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Vancouver Public Art: 17 Pieces That Wouldn't Belong Anywhere Else

Which piece is your favourite?
HuffPost B.C.

From spray-painted giants to a giant poodle, there's no question that Vancouver is home to a colourful collection of public art.

It's debatable if the pieces are equally loved, but they certainly are eye-catching.

The Guardian's readers certainly think so, anyway. Three Vancouver pieces made it onto the British newspaper's roundup of standout urban art from around the world.

The city is in good company, making the list alongside other metropolises like Berlin, Chicago, and Istanbul.

You may recognize the Vancouver installations, but perhaps wonder about their origins or symbolism. So, we put together a handy guide to some of our favourites:

Granville Island Silos
Vancouver Biennale/Roaming-The-Planet
Six concrete silos were transformed into six, vibrant giants with spray paint. The artists are Brazilian twin brothers, and this project was their biggest to date.

Installed: 2014
Location: Granville Island
Trans-Am Totem
HuffPost B.C.
Symbolizes society's "out with the old, in with the new" consumer culture by stacking five scrap cars on top of one another.

Location: Downtown
Installed: 2015
Artist: Marcus Bowcott
Installed at Expo 86 as a welcome symbol to tourists flooding the city.

Installed: 1986
Location: English Bay
Artist: Alvin Kanak
Rainblossom Project
An ode to the rain-soaked city of Vancouver.

Installed: 2014 (temporary)
Location: Seawall, West Side
Artist: Anonymous
Human Structures (Vancouver)
Focuses on the idea that people need to work together for a better society.

Location: Olympic Villlage/Hinge Park
Installed: 2014
Artist: Jonathan Borofsky
Based on the boat sheds that used to line Vancouver's shores.

Location: Stanley Park Seawall
Installed: 2004
Artist: Liz Magor
Totem Poles
The nine-totem collection began with four poles in the 1920s and continues to grow.

Location: Stanley Park
Installed: 1920s-2009
Artist: Various
Main Street Poodle
Maureen Smith
The seven-foot-tall poodle statue embraces the wide variety of people in the city, as it's a breed "not associated with a particular culture," according to the artist.

Location: Mount Pleasant
Installed: 2013
Artist: Gisele Amantea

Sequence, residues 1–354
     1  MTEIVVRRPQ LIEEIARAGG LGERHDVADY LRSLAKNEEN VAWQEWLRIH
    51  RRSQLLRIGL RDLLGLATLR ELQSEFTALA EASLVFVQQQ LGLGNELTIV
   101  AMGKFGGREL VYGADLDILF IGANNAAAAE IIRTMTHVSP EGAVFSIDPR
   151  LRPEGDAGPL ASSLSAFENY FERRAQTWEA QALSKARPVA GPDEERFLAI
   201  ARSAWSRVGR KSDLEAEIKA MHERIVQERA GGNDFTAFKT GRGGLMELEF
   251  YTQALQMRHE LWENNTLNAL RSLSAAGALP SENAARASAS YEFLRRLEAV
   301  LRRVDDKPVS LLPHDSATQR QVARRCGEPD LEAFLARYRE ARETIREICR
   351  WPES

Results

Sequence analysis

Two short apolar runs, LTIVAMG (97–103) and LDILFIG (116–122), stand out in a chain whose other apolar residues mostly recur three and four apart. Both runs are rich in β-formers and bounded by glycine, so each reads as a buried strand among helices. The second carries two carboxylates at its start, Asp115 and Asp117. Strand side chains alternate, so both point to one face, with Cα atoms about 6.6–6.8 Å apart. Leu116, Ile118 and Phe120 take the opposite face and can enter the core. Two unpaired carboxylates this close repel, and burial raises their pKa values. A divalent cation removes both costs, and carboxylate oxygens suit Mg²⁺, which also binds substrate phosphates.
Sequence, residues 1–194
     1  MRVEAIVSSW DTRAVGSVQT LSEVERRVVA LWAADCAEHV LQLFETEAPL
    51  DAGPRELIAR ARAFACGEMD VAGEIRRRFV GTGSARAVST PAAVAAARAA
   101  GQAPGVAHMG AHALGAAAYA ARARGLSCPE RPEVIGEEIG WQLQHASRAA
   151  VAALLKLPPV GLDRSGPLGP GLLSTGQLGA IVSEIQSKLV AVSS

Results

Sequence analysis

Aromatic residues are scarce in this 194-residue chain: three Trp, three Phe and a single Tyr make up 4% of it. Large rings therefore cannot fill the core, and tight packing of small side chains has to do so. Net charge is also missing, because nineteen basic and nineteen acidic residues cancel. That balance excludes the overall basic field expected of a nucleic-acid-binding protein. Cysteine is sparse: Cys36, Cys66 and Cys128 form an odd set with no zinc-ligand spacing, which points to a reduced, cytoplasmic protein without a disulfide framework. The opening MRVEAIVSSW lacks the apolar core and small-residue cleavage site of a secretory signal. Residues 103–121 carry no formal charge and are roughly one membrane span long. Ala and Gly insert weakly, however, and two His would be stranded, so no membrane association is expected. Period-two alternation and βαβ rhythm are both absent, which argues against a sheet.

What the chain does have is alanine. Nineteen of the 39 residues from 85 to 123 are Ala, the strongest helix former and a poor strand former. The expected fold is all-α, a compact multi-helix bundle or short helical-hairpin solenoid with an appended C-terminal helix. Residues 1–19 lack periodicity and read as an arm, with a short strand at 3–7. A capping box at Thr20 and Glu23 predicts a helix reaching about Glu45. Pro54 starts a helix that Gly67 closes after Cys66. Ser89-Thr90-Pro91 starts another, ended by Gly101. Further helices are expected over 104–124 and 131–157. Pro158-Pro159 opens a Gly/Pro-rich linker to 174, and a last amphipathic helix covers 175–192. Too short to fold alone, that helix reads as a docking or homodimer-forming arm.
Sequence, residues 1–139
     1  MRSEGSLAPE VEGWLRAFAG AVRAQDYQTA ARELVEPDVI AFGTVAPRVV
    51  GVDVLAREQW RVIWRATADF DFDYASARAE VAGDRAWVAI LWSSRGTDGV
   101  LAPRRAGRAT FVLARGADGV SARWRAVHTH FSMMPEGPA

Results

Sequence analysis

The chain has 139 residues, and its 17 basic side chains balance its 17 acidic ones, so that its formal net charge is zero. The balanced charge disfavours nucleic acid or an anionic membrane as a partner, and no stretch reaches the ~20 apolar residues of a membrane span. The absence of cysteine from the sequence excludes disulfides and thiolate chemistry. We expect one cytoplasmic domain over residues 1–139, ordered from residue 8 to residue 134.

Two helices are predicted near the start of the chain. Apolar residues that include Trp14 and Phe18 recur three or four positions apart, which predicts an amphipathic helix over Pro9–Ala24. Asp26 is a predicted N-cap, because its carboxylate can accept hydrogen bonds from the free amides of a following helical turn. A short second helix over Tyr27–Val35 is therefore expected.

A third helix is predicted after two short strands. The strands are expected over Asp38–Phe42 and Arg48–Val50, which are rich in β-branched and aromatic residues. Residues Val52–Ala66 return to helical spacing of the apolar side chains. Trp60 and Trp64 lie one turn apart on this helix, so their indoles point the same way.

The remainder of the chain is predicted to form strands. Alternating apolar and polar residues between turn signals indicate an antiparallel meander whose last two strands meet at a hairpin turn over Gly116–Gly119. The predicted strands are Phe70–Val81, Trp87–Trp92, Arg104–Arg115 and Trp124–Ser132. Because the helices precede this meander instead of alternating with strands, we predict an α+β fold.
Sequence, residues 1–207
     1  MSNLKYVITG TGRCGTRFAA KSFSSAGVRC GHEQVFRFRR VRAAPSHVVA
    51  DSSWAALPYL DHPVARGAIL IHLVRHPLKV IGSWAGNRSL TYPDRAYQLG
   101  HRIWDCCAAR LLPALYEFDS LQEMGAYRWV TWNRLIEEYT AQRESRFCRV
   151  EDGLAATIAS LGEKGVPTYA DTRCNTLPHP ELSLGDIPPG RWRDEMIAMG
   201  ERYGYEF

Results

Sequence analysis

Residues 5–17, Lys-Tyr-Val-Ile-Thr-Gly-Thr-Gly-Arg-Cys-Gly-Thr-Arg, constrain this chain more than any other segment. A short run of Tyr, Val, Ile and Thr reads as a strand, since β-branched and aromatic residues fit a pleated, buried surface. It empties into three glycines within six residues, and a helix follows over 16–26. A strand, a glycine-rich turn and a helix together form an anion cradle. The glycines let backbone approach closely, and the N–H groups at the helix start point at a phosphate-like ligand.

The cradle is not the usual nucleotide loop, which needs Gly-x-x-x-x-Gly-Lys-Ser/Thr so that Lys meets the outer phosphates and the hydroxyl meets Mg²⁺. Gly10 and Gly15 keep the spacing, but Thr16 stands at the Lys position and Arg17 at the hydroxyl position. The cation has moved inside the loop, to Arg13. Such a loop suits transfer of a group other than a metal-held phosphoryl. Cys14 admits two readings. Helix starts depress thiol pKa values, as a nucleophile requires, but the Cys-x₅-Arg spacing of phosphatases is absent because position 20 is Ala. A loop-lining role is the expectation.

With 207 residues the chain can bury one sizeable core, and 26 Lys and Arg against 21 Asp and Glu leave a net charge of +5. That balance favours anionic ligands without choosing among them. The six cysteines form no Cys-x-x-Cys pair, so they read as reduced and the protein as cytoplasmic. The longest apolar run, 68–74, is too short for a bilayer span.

Represents the delicate balance in relationships. Its installation coincided with same-sex marriage debates taking place in Canada during the early 2000s.

Location: English Bay
Installed: 2005
Artist: Dennis Oppenheim
Everything Is Going To Be Alright
Installed in the Downtown Eastside as a symbol of optimism and hope.

Location: Chinatown
Installed: 2008
Artist: Martin Creed
The Words Don't Fit The Picture
Touches on the idea that words and speech have no boundaries. The piece also acknowledges Vancouver's history as one of the "neon-light capitals of North America."

Location: Vancouver Public Library/Downtown
Installed: 2010
Artist: Ron Terada
Digital Orca
Represents the harmony between technology and nature in B.C.

Location: Jack Poole Plaza
Installed: 2010
Artist: Douglas Coupland
A-maze-ing Laughter
The bronze sculptures were loaned to Vancouver just before the 2010 Winter Olympics. About two years later, Lululemon founder Chip Wilson and his wife donated $1.5 million to buy the statues for the city.

Location: English Bay
Installed: 2009
Artist: Yue Minjun
East Van Cross
Developed from a decades-old graffiti symbol, the cross is said to be "an expression of hope and defiance."

Location: East Vancouver
Installed: 2010
Artist: Ken Lum
The Birds
Symbolizes the threat that a non-native species can have on its new environment, even though they may look beautiful.

Location: False Creek
Installed: 2010
Artist: Myfanwy MacLeod
Nobody Likes Me
Honourable mention: The street art piece is a commentary on people's reliance on social media for personal gratification, and quickly became a worldwide sensation.

Location: Stanley Park
Installed: 2014
Artist: IHeart
Stanley Park Inukshuks
Not an official public art piece in the city, but take a walk on Stanley Park's infamous seawall and you're sure to see a couple Inukshuks around.

What did we miss?

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